HTEZZSIM...............SING WHILE YOU MAY!
Watched the boulder on the mountain bounce onto her head. I felt I should have warned her, but the first rule's "Nothing said..." So nothing's done...she smashed into little pieces, and me? I simply fled... When she puts herself together, I will hover overhead, crying "Ahhh..." The bigger the catastrophe, the more I hang around to feed on victims lying under me. I make that special sound that makes you laugh yourself to pieces, gets you rolling on the ground, gets you screaming "Ahhhh..." As you slide into the first dimension I pencil in the lines. No matter how grand your intentions, your destiny is all mine. I'm not giving you an answer, I'm just leaving you the time to find out what it's like to be here crying all the the time. Crying "Ahhh...."
We, the starving volunteers; the ones who go without. The shoeless, hair-shirts, bonded, veiled; seekers of the drought now stand before your floral gate to rend these rags and shout your name. In your name. We came to whine, remind you that it's time for endless vigil. On stone cold floors, on ashes or on white hot nails. Slow motion tip-toe and vicious gales that flex then flail then punch from all directions. In your name. Our crosses rotting in the rain, we hang before you in your name.We bear the bitter mark of Cain.
When I'm with You
From here to there in minus time, a spirit casts a line to fish alternatives and Caesar lives. It's 1939. It's Fall. We eat pizzas by the pool...we watch the Christians sing then fall in quadro. 50 legal channels, this one sponsored by St.Paul. Are you playing me? (Where next ?) Year sub-zero here in Baghdad,s uper-heroes stalk the street. The bitter moon looks down and laughs while I lie smoking in the bath with you. Now spray these lips with superglue, I'm lying through my teeth - it's ocean blue in Casablanca, but it's burned out black beneath. Playing me... (where next?) It's All Souls Night. I'm frightened because I'm standing here alone. I watched the last bus fly to Brighton. Now life's empty but it's home. And I skip lightly through the garbage, call you on your mobile phone. The message says you've re-located. "Leave a message...here's the tone." Playing me? (Where next?)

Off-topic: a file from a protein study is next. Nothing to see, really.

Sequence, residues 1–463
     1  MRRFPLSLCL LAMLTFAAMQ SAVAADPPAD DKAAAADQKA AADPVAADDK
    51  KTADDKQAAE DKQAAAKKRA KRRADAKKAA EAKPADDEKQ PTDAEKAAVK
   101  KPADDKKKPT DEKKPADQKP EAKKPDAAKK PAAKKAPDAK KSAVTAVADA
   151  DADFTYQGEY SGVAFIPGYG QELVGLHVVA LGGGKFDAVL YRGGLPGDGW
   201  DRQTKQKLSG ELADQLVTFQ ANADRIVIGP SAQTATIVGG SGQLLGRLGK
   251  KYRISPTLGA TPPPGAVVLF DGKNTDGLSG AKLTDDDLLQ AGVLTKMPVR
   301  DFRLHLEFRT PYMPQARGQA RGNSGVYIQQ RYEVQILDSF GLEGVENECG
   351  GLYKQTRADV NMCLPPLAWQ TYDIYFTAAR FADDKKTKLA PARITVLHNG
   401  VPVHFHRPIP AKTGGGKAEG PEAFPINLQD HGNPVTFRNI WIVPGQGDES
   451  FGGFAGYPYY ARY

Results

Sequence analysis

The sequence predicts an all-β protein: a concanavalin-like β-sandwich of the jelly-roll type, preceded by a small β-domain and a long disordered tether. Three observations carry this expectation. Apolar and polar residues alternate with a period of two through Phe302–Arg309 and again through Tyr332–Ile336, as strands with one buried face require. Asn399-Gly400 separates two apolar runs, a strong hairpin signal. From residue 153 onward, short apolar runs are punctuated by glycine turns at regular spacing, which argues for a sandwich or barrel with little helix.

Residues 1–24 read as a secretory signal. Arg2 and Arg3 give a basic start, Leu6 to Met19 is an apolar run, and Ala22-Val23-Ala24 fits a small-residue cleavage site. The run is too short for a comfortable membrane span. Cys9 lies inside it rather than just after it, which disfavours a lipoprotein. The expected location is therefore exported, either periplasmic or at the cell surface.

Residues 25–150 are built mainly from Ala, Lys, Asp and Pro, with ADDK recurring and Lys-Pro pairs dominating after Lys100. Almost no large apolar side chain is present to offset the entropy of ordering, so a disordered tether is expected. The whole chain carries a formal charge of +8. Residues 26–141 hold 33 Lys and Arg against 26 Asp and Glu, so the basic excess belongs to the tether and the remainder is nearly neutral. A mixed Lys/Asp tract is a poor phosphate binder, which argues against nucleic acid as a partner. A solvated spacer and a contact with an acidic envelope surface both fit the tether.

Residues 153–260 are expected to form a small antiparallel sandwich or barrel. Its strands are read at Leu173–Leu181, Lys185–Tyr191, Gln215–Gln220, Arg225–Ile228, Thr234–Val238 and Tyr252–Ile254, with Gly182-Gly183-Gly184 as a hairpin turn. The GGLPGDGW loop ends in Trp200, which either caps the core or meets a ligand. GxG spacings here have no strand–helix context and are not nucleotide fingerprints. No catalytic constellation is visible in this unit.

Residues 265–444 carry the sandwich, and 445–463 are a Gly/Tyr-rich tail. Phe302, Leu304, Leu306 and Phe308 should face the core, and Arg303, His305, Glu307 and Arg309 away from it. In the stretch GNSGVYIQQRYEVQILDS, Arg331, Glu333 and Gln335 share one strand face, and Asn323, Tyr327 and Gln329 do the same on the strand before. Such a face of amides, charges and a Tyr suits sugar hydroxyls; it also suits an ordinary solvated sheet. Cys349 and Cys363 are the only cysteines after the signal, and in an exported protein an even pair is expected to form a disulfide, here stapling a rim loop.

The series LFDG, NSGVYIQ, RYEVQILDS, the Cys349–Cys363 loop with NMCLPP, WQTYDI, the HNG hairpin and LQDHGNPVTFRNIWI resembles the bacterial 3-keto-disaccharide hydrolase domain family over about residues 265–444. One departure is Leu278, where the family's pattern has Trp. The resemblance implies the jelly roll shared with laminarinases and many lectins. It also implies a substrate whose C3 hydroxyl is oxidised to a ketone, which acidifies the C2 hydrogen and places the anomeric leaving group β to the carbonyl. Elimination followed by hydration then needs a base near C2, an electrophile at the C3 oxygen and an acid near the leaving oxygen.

Death of a King
A man's allowed to cry today...to put his feelings on display. No ridicule and no disgrace. We've lost a king, but not his face. And should I fall apart in public, it's allowed. No...it's demanded. Zoom in, see how small I am. I'm humble now but, I hope, big-hearted. Let me be confetti on my grave. And all the secrets kept within these walls are scattered on the wind. He's human now. He's clipped his wings. The king is dead. Long live the king! Black ribbons hang now from his portrait. Candles flicker as the day breaks. Still he mutters, still he shakes...we've lost a king, but not his face. Still we wait for wisdom at his grave.
Everything we feared was swept inside a little box pushed out of sight for many years while we would talk about tomorrow.Two pedestals, a crowded room, we'd both lay out our past but only touch a glass divide that grew a little wider every night. But your memory was hungry and I watched you court your shadows in reverse. And from my corner, I would curse but never say a word. And still I like to think that we shared. Still I like to think we truly cared. And sure we had our dreams, but never dared. Tell me, lover, what's in like in there? In the Blue Room.